Efforts are underway within the legal profession to improve mental health, reduce the stigma associated with mental health disorders, and increase the overall wellbeing of lawyers. To support and inform those efforts, an enhanced empirical understanding of the profession’s unique mental health risks is essential, including a better understanding of why lawyers are much more likely than the average person to experience suicidal thoughts. This research has begun to answer that question. To summarize, our findings suggest the profile of a lawyer with the highest risk for suicide is a lonely or socially isolated male with a high level of unmanageable stress, who is overly committed to their work, and may have a history of mental health problems. The heightened risk of suicidal ideation extends well beyond this specific profile, however, thereby necessitating a sustained focus on the factors we identified as predictive of that risk. Overall, these findings underscore the need for interventions to address work-related stress and loneliness in the legal profession. This may include providing education, resources, and support for lawyers to better manage their workload, modifying work demands and expectations, and promoting a culture of openness and support within law firms. Additionally, targeting interventions towards male lawyers may be particularly important given their higher risk of suicidal ideation. Further research is needed to continue exploring the dynamics of the relationship between work overcommitment, loneliness, perceived stress, and suicidal ideation in this population.

Supplementary Materials

The following supporting information can be downloaded at:, Table S1: Predictors of PHQ-9 suicidal ideation among lawyers controlling for perceived influence of COVID-19 on PHQ-9 depression symptoms (N = 1962).

Author Contributions

Conceptualization, J.J.A. and P.R.K.; methodology, J.J.A.; software, J.J.A. and N.D.; validation, J.J.A. and N.D.; formal analysis, J.J.A.; investigation, J.J.A. and P.R.K.; resources, J.J.A. and P.R.K.; data curation, J.J.A. and N.D.; writing—original draft preparation, J.J.A., H.M.T. and P.R.K.; writing—review and editing, J.J.A., P.R.K. and M.R.K.; visualization, J.J.A. and M.R.K.; supervision, J.J.A. and P.R.K.; project administration, J.J.A. and P.R.K.; funding acquisition, J.J.A. All authors have read and agreed to the published version of the manuscript.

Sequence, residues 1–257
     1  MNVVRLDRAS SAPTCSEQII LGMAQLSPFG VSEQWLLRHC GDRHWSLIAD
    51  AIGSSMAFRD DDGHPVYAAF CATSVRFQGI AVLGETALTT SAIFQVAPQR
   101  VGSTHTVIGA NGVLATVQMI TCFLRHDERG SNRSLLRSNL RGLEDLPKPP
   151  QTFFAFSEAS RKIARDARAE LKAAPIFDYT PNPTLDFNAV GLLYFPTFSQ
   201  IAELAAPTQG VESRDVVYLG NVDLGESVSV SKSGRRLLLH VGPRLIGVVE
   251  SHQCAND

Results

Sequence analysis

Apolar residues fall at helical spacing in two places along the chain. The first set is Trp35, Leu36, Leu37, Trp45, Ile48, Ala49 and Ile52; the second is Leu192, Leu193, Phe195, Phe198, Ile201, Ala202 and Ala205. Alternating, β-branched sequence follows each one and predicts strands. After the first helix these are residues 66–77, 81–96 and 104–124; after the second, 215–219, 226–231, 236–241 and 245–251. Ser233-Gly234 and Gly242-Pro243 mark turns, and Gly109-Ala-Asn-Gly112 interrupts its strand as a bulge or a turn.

This research was funded by NIAAA, grant number K01AA024805.

Institutional Review Board Statement

The study design and protocol were reviewed by the University of Minnesota Institutional Review Board and deemed exempt from approval. An Exemption Determination was issued on 20 March 2020.

Informed Consent Statement

Informed consent was obtained from all subjects involved in the study.

Data Availability Statement

Data cannot be shared publicly because they involve human research participants and contain potentially sensitive information related to mental health and substance use. Researchers who meet the criteria for access to confidential data may request to access the data by contacting the corresponding author and completing a University of Minnesota Data Use Agreement.


The authors would like to thank the California Lawyers Association and D.C. Bar for their essential support of and commitment to this work.

Conflicts of Interest

The authors declare no conflict of interest.


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Table 1. Demographics according to endorsement of PHQ-9 suicidal ideation (N = 1962).
Table 1. Demographics according to endorsement of PHQ-9 suicidal ideation (N = 1962).
No Suicidal Ideation
(N = 1797)